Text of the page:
Saturday, December 20, 2014

Rudolf Koller

The Hirtenhof (Farmyard)
around 1870
oil in canvas
71 x 95 cm
private collection

Rudolf Koller (1828-1905) was a Swiss painter whose reputation was based on his paintings of animals. Considered Switzerland's finest animal painter, he was a sensitive and innovative artist whose well-composed works in the "plein air" tradition, including Swiss mountain landscapes, are just as finely executed. He is associated with a realist and classicist style. His style is similar to that of the realist painters Gustave Courbet and Jean-Baptiste-Camille Corot.

He was born in Zurich. His father was a butcher and brewer, who became an innkeeper at a hotel, in the centre of the city near the river. As the clientele were mostly waggoners and cattle dealers, he saw horses and cattle on a daily basis. He got his first artistic tuition from his uncle, who was a landscape painter. The young Koller decided to specialize as a painter in depicting horses.

In 1845 horse trials were begun at the stud farm of the King of Wurttemberg, near Stuttgart, and Koller was hired to produce pictures of horses and dogs there. In 1846-47, he studied figure drawing at the Fine Arts Academy of Dusseldorf where he formed friendships with the future Swiss symbolist painter Arnold Bocklin. He travelled together with Arnold Bocklin to Brussels and Antwerp, in 1847. Later he moved to Paris. While living in Paris, he shared a studio with Arnold Bocklin. With the support of the artists’ colony at Barbizon, he painted scenes in outdoor settings. In 1848, plagued by financial difficulties, he returned from France to Zurich.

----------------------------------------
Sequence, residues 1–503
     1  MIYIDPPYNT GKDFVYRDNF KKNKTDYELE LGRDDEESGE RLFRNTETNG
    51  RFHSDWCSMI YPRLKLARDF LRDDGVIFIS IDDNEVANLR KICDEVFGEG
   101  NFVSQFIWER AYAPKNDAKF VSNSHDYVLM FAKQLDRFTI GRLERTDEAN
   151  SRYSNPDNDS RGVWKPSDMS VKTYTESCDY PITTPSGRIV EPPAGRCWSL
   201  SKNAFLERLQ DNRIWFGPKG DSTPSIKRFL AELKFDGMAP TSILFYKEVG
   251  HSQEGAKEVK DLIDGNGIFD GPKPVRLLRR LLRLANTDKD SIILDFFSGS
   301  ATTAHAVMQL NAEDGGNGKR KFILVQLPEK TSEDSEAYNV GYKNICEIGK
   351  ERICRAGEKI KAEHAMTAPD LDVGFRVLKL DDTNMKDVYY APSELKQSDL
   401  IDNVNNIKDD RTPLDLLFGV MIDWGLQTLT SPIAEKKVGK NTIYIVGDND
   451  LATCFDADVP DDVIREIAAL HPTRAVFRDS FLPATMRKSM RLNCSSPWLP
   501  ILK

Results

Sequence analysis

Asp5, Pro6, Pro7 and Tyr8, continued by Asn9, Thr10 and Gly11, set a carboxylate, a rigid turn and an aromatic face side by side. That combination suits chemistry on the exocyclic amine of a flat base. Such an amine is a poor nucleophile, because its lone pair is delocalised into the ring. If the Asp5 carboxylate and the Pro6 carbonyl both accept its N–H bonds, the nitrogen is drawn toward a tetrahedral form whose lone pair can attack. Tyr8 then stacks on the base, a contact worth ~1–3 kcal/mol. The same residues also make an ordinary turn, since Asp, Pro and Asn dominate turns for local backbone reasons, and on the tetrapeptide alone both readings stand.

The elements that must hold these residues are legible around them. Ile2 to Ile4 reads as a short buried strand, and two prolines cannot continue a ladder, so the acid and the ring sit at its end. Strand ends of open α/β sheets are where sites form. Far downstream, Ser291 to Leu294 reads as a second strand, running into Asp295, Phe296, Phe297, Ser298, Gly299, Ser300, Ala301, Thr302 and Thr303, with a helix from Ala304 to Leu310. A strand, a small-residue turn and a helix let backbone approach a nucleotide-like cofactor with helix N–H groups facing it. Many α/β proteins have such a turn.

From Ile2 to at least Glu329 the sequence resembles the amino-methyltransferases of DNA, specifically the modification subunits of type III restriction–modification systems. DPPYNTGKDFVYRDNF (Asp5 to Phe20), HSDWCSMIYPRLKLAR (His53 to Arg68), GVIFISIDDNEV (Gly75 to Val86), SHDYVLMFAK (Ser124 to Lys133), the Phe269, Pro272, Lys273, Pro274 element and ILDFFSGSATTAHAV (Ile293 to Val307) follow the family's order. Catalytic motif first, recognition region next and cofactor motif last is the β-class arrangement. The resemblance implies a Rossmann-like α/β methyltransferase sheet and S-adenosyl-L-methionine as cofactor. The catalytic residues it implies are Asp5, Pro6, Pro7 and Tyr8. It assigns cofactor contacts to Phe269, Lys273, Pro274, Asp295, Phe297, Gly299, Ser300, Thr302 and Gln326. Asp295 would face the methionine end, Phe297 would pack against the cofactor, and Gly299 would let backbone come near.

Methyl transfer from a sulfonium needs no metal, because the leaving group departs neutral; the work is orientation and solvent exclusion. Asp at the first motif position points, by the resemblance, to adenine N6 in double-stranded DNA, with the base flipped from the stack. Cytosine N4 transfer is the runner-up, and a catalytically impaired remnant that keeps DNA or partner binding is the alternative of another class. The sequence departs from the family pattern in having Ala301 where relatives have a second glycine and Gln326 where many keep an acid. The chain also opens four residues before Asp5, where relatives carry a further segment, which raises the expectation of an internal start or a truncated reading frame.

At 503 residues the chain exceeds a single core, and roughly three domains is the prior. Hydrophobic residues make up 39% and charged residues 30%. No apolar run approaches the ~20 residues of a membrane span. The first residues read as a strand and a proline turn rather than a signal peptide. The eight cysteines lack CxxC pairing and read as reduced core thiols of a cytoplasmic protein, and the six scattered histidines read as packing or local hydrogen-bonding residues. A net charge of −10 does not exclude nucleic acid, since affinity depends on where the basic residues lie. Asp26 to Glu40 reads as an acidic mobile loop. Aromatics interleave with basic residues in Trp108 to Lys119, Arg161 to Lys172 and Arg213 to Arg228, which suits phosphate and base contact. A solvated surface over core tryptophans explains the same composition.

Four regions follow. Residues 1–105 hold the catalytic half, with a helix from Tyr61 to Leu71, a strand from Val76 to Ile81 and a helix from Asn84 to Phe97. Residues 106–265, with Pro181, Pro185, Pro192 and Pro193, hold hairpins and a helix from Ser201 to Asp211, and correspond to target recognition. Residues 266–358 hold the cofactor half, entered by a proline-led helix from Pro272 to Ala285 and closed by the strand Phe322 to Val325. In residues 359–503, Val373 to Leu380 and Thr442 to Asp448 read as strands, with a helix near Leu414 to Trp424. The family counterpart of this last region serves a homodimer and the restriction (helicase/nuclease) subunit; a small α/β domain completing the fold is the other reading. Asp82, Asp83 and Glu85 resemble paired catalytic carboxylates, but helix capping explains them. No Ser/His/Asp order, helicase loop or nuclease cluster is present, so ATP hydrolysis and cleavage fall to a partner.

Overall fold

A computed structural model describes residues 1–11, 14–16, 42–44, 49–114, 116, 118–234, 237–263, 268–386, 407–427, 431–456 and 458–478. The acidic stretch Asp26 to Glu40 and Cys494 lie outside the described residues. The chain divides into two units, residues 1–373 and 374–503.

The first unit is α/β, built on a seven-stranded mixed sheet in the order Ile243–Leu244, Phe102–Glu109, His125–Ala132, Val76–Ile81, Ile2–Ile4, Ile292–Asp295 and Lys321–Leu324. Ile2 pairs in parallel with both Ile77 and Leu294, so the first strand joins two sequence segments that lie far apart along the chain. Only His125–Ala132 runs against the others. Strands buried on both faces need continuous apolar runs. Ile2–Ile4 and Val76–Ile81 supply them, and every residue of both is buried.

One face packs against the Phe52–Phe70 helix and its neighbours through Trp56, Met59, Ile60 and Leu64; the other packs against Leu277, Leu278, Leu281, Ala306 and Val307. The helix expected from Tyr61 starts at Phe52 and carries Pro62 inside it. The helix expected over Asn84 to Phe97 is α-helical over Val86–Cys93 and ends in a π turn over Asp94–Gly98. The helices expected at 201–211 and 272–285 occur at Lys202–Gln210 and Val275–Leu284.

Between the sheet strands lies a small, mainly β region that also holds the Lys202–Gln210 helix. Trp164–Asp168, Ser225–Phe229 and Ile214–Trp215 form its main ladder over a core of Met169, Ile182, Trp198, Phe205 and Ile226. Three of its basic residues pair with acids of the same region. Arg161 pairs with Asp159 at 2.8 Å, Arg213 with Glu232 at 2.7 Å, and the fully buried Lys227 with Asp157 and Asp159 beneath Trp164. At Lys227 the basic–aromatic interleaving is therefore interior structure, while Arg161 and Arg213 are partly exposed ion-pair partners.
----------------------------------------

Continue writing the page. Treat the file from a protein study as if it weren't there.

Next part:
In 1862 he bought a chalet on the eastern shore of Lake Zurich, where he was to live for the rest of his life. There he kept various animals, mainly to study them as painting subjects. He often painted rustic farm scenes, landscapes and scenes that depicted animals. He loved animals and treated them in his pictures as representing part of the forces of unspoiled nature. In 1870 he began to suffer from a vision impairment that interfered with his work. Nevertheless, in 1873, still at the height of his artistic powers, he secured an assignment from the Swiss Northeastern Railway to produce a painting. The painting is recognized as one of the best ever done by a Swiss painter. In 1900 Koller travelled for the last time to Italy, where he met with his friend Bocklin near Florence. He died in 1905, aged 76, at his chalet.